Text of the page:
Whey proteins refer to the translucent liquid part of the milk which is obtained in the process of cheese manufacturing. When cheese is produced, the fatty parts of the milk get separated from which whey proteins are procured as a byproduct.
Whey proteins are made up of nitrogen-containing substances which are formed by amino acids. They are considered as a complete protein because they provide 09 essential amino acids that our body cannot synthesize. In addition to these, whey proteins are rich in minerals and vitamins.
Whey proteins are separated and purified by using various techniques to obtain different concentrations, depending on the end composition desired. They can vary in content of protein, lactose, carbohydrates, minerals, and fat.
Major forms of whey protein are:
- Whey protein concentrate – The protein concentration may vary from 25 – 89 % with 80% concentration being mostly available. It has some lactose, minerals, and fat which can vary with protein concentration.
- Whey protein isolate – This has the purest form of protein concentration which may range from 90 – 95 % with negligible lactose, minerals, and fat.
- Whey protein hydrolysate – It is a “predigested” form of whey protein that has a faster absorption than other forms of whey protein. The protein concentration may be variable and lactose, minerals, and fat may vary with protein concentration.
What are the Steps to Make Whey Protein?
The milk undergoes a number of processes to make whey protein which are as follows:
Step 1 – Milk Standardization
The first step of whey protein production is bringing the milk to the production unit and testing for the purity, quality, proper storage temperature, and the ratio of protein to fat. The standardization also ensures the milk obtained should have around 3.5% protein, 4% fat, and 4.6% lactose.
Step 2 – Coagulation
Coagulation is done to separate casein (milk solids) from liquid whey. Enzymes, mostly rennet are added which separates the milk into two particles – the liquid particles (whey) and solid particles (casein).
After separation, the solid particles are collected and processed as cheese. The whey is drained from the casein and then stored and transported for further purification to remove fats, carbs, water, and minerals.
Post-coagulation, the milk obtained has 20% whey and 80% casein.
Step 3 – Pasteurization
The pasteurization is done to ensure that there are no bacteria breeding in the milk. The liquid whey is pasteurized at 72 degrees centigrade and then instantly cooled at 4 degrees centigrade to ensure that the whey is free of harmful pathogens.
Step 4 – Ultrafiltration
Casein fines are always present in the liquid whey. So, the liquid whey undergoes filtration using a variety of methods, such as porous membrane filtration or ion exchange, where the whey proteins and other nutrients are selectively allowed to pass through to filter out remaining fine casein.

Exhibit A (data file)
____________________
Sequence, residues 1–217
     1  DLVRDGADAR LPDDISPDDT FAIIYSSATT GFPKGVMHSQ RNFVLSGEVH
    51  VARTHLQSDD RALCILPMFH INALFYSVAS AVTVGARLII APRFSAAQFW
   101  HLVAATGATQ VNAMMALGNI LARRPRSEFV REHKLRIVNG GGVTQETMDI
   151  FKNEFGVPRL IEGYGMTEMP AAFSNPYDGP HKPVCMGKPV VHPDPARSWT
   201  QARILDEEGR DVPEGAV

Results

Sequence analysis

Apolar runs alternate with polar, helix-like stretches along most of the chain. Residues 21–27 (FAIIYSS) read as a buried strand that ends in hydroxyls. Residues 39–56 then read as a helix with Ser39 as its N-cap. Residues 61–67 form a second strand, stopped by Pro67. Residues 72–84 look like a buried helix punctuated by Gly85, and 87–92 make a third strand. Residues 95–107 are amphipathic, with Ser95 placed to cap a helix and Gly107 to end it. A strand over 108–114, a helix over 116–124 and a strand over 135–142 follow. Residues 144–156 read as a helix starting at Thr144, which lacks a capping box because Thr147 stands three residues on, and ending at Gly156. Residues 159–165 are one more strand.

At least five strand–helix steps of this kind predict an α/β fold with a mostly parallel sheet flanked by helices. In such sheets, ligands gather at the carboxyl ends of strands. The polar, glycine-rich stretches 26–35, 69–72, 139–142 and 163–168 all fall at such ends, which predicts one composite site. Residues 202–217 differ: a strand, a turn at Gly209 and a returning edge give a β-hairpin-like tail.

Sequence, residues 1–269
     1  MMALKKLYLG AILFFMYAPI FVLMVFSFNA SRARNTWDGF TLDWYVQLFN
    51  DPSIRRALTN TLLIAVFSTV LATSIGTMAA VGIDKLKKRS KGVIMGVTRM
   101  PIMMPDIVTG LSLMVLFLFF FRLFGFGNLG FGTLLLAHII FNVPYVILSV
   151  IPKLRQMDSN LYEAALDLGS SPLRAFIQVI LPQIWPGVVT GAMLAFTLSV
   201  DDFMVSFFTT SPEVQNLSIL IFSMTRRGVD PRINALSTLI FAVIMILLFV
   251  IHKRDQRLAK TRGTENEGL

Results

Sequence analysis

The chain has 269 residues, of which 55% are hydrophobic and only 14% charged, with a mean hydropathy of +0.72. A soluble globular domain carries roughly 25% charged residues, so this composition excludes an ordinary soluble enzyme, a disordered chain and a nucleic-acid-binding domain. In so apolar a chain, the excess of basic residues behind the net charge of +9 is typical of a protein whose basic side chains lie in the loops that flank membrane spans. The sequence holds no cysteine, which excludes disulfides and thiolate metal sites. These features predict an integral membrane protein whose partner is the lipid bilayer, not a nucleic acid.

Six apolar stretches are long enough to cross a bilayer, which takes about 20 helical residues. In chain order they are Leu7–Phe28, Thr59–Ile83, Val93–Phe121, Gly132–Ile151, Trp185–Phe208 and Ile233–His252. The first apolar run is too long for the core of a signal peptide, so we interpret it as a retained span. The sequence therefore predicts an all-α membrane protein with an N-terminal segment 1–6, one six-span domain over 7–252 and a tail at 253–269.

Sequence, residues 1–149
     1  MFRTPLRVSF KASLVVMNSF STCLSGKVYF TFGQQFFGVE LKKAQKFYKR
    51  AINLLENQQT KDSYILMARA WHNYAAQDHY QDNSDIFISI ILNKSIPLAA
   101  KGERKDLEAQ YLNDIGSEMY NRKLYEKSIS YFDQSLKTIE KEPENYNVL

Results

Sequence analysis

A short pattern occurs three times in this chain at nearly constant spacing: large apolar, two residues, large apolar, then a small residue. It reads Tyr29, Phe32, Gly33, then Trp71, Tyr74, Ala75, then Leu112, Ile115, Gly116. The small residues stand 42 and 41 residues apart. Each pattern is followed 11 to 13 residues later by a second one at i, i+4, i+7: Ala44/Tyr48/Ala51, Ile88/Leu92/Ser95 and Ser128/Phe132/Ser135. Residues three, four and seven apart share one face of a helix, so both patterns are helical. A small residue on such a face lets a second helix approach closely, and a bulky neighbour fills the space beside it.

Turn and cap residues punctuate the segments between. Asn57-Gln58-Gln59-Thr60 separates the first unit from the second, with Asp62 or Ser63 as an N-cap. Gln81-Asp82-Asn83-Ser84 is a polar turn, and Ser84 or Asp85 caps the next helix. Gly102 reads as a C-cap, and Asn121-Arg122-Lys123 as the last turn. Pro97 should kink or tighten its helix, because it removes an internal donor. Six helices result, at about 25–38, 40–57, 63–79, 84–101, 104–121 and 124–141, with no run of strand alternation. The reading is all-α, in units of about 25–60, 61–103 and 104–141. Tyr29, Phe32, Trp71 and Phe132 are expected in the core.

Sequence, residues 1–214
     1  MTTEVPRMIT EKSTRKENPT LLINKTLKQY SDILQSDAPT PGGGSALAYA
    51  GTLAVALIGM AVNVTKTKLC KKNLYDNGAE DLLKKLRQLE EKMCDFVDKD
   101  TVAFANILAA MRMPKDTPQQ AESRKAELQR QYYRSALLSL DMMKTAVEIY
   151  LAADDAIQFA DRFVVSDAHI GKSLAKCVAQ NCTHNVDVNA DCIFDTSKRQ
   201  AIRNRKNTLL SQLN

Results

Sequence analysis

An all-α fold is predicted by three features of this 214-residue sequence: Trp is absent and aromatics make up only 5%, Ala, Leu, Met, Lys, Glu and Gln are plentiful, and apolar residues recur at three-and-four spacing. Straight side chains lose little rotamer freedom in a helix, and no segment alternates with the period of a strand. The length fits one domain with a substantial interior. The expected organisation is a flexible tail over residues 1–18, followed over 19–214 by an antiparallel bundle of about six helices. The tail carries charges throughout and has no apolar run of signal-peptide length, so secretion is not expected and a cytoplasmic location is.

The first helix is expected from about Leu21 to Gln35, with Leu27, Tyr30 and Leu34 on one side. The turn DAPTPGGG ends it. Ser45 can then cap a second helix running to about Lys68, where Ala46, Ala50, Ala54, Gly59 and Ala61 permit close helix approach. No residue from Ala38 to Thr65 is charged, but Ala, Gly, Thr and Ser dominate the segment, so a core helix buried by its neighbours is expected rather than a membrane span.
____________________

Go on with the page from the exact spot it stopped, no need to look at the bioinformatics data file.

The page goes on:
The current process separates fats and lactose from the liquid solution.
Step 5 – Dial Filtration
This step is done to further increase the protein purity to 90% or higher. In this, water is added to the liquid whey during filtration to wash out more lactose and fats.
Step 6 – Evaporation and Crystallization
After the dial-filtration, the whey product is sent to the evaporators where water is evaporated to further increase the concentration of whey protein and nutrients.
After evaporation, the concentrate is flash cooled rapidly to 30 – 40 degrees centigrade to initiate nucleation of lactose crystals. Then the lactose crystal is kept in specially-designed crystallization tanks for 4 – 8 hours to achieve a uniform distribution of small lactose crystals. This prevents the final product from absorbing or attracting moisture from the air.
Step 7 – Spray Drying
Finally, spray drying is used to produce a product with greater than 95% total solids or to reduce the moisture content to a maximum of 4 % before packaging. This step is done to prevent the growth of microorganisms in order to protect the consumer and to better preserve the food product.
Step 8 – Packaging
After drying, the powdered whey product is sent to the Permeate Powder Storage, where the powdered whey protein product is then bagged.
The Importance of Quality Testing of Milk
Milk is considered one of the highly perishable foods because of its higher moisture content which makes it a great growing medium for microorganisms. Its quality starts deteriorating during handling, processing, and storage because of enzymatic and microbial activity.
Besides, milk and dairy product adulteration is a major global concern. Milk processing sectors and suppliers add different adulterants and preservatives for increasing the shelf life and to get rid of the quick deterioration of milk.
Thus to get rid of these problems, continuous monitoring of the quality of milk is so important.
For this, a milk processor or handler can only assure the quality of milk through certain basic quality tests at various stages of the production of whey protein.